Like us on Facebook and follow us on Twitter.

Want to support local journalism? Make a donation here.

racism

Just Posted

Cpl. Scott MacLeod and Police Service Dog Jago. Jago was killed in the line of duty on Thursday, June 17. (RCMP)
Abbotsford police, RCMP grieve 4-year-old service dog killed in line of duty

Jago killed by armed suspect during ‘high-risk’ incident in Alberta

Holger Schwichtenberg and his son Philip talk in the barn of the 150-acre Schwichtenberg farm. This farm is one of many throughout B.C. that support more than 12,500 jobs across the province in the dairy industry. (Contributed Photo/B.C. Dairy Association)
Agassiz dairy farm a model of care for environment, animals, and family

Farm is part of a dairy sector centred in the Fraser Valley, supporting 12,500 jobs province-wide

Kalyn Head, seen here on June 4, 2021, will be running 100 kilometres for her “birthday marathon” fundraiser on July 23. (Jenna Hauck/ Chilliwack Progress)
Woman’s 100-km birthday marathon from Chilliwack to Abbotsford will benefit Special Olympics B.C.

Kalyn Head hopes run raises awareness, advocates for inclusion of people with intellectual disabilities

The Great Gordini puts on a magic show for an avid audience during the first Storytime in the Park in this 2019 photo. (Grace Kennedy/The Observer)
Storytime in the Park returns this summer

Day 1 registration is on June 30

Dancers from the Sts’ailes First Nation perform the eagle dance at a welcome banner dedication ceremony on Thursday, June 10. “Ey Swayel” is a Halq̓eméylem term translated as ‘a good day.’ (Adam Louis/Observer)
VIDEO: ‘A good day’ for Agassiz school as Sts’ailes welcome banner is dedicated

Banner hangs above the school’s entrance, welcoming students, staff and visitors

Marco Mendicino, Minister of Immigration, Refugees and Citizenship during a press conference in Ottawa on Thursday, May 13, 2021. THE CANADIAN PRESS/Sean Kilpatrick
Canada to welcome 45,000 refugees this year, says immigration minister

Canada plans to increase persons admitted from 23,500 to 45,000 and expedite permanent residency applications

Emily Steele holds up a collage of her son, 16-year-old Elijah-Iain Beauregard who was stabbed and killed in June 2019, outside of Kelowna Law Courts on June 18. (Aaron Hemens/Capital News)
Kelowna woman who fatally stabbed teen facing up to 1.5 years of jail time

Her jail sentence would be followed by an additional one to 1.5 years of supervision

The George Road wildfire near Lytton, B.C., has grown to 250 hectares. (BC Wildfire Service)
B.C. drone sighting halts helicopters fighting 250 hectares of wildfire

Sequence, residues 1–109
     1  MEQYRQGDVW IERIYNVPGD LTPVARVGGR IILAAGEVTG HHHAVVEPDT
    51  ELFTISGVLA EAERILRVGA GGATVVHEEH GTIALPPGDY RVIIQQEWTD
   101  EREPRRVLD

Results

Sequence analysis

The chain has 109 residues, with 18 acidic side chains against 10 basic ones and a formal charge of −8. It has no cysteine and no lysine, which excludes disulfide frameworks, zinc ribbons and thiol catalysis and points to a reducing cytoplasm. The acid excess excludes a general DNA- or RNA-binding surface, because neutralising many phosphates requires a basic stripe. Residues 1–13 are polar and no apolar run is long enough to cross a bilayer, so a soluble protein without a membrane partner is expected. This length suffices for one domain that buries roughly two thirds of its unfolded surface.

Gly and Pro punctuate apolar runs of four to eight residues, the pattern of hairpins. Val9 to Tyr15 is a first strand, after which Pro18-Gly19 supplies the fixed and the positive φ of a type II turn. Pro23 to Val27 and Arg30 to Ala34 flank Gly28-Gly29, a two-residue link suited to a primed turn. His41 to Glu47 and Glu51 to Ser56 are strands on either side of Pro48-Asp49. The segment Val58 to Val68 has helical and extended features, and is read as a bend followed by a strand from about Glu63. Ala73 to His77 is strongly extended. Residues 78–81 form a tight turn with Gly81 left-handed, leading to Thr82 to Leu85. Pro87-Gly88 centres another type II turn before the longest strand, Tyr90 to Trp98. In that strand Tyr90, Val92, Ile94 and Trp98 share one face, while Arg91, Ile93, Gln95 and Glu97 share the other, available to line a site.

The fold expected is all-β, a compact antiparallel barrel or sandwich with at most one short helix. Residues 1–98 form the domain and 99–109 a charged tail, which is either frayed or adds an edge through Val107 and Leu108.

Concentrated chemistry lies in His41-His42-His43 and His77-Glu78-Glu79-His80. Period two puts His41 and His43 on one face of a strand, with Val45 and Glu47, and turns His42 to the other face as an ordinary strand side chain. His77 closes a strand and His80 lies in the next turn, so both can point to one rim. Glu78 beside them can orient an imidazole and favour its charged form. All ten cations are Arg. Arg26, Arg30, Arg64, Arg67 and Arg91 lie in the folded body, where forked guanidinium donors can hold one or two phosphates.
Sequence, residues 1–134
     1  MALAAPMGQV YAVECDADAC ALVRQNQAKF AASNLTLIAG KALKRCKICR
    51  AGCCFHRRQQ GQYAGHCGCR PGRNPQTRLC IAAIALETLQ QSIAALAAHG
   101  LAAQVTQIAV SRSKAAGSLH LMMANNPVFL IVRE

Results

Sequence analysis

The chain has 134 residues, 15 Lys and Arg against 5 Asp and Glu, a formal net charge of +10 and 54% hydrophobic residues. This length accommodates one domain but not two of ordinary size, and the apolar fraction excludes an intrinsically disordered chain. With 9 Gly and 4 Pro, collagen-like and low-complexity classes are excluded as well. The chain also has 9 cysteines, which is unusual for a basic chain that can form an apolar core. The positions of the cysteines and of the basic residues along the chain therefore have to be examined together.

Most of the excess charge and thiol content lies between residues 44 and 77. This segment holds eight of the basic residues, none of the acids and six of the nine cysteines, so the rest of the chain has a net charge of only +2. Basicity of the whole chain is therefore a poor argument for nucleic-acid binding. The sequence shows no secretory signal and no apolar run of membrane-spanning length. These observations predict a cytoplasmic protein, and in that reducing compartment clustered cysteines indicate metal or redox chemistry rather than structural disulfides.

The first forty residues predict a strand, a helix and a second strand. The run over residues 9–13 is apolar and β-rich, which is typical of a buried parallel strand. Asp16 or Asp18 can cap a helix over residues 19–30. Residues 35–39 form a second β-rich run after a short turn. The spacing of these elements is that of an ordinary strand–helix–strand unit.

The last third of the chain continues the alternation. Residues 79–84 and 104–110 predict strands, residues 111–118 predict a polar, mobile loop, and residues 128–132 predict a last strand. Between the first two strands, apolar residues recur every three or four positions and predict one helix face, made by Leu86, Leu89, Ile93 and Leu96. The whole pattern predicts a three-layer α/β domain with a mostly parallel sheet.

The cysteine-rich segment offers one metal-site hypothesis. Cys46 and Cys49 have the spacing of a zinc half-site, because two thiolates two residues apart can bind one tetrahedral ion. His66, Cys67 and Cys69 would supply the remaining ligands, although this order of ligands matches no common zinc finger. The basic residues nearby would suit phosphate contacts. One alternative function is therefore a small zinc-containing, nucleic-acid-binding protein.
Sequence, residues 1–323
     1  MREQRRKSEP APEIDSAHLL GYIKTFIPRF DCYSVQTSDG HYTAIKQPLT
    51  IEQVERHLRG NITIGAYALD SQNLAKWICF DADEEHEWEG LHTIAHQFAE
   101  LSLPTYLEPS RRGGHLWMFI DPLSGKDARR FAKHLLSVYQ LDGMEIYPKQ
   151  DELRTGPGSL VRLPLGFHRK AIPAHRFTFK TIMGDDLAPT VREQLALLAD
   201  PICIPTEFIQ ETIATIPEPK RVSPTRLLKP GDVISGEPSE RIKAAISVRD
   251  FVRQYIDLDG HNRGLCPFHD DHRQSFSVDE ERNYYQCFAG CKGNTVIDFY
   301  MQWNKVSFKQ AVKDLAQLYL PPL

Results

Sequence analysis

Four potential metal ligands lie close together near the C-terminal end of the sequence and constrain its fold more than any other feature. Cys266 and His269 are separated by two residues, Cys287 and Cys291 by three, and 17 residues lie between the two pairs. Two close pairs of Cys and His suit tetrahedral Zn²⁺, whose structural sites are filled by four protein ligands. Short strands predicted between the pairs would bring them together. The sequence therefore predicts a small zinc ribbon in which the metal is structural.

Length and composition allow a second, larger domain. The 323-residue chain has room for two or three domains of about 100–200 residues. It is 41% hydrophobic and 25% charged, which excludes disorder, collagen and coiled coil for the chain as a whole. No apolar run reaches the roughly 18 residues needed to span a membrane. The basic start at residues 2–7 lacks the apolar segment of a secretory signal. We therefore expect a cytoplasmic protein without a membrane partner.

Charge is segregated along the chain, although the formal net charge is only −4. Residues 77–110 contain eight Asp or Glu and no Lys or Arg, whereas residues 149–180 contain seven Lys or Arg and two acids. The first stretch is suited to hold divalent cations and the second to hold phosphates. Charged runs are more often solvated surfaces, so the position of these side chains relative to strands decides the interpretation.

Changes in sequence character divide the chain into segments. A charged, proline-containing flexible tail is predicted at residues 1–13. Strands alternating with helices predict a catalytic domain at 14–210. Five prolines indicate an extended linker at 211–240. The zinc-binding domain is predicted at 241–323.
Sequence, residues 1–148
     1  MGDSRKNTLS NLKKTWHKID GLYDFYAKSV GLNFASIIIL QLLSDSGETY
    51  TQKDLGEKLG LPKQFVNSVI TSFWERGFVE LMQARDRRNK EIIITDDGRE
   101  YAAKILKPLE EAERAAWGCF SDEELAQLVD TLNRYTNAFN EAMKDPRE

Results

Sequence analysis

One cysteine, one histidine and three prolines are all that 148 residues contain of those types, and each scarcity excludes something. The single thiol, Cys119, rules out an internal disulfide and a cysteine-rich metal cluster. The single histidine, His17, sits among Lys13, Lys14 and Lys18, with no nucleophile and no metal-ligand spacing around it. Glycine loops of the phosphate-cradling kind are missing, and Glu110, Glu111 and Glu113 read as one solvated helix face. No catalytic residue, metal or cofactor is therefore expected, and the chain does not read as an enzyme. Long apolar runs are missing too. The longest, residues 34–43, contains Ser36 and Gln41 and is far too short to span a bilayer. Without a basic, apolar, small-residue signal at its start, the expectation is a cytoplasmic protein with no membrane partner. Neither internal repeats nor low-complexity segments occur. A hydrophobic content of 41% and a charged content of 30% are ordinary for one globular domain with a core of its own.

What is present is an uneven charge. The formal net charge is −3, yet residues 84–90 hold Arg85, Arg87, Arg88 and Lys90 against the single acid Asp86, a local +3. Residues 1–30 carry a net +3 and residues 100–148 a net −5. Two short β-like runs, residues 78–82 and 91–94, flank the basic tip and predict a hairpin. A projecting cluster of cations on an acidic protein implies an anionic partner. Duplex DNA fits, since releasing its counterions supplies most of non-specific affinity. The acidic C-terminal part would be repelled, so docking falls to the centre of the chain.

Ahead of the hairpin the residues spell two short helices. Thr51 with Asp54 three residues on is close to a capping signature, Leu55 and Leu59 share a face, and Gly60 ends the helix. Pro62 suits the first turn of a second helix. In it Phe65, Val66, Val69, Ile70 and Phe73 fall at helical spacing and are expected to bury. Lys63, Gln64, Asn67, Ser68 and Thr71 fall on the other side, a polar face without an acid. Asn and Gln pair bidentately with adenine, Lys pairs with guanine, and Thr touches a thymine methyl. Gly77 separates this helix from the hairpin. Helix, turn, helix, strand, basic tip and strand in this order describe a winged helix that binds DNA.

‘If a drone collides with firefighting aircraft the consequences could be deadly,’ says BC Wildfire Service

A dose of the Pfizer-BioNTech COVID-19 vaccine is pictured at a vaccination site in Vancouver Thursday, March 11, 2021. THE CANADIAN PRESS/Jonathan Hayward
NACI advice to mix vaccines gets varied reaction from AstraZeneca double-dosers

NACI recommends an mRNA vaccine for all Canadians receiving a second dose of a COVID-19 vaccine

A aerial view shows the debris going into Quesnel Lake caused by a tailings pond breach near the town of Likely, B.C., Tuesday, Aug. 5, 2014. THE CANADIAN PRESS/Jonathan Hayward
Updated tailings code after Mount Polley an improvement: B.C. mines auditor

British Columbia’s chief auditor of mines has found changes to the province’s requirements for tailings storage facilities

Join Black Press Media and Do Some Good
Join Black Press Media and Do Some Good

Pay it Forward program supports local businesses in their community giving

Cannabis bought in British Columbia (Ashley Wadhwani/Black Press Media)
Is it time to start thinking about greener ways to package cannabis?

Packaging suppliers are still figuring eco-friendly and affordable packaging options that fit the mandates of Cannabis Regulations

A North Vancouver man was arrested Friday and three police officers were injured after a 10-person broke out at English Bay on June 19, 2021. (Youtube/Screen grab)
Man arrested, 3 police injured during 10-person brawl at Vancouver beach

The arrest was captured on video by bystanders, many of whom heckled the officers as they struggled with the handcuffed man

Surrey Fire Service battled a dock fire along the Fraser River late Friday night (June 18). It was on Musqueam Drive, near Industrial Road, around 10:45 p.m. (Photo: Shane MacKichan)
VIDEO: Fire engulfs pier on Surrey side of the Fraser River

Dock has reportedly been unused for a long time

Most Read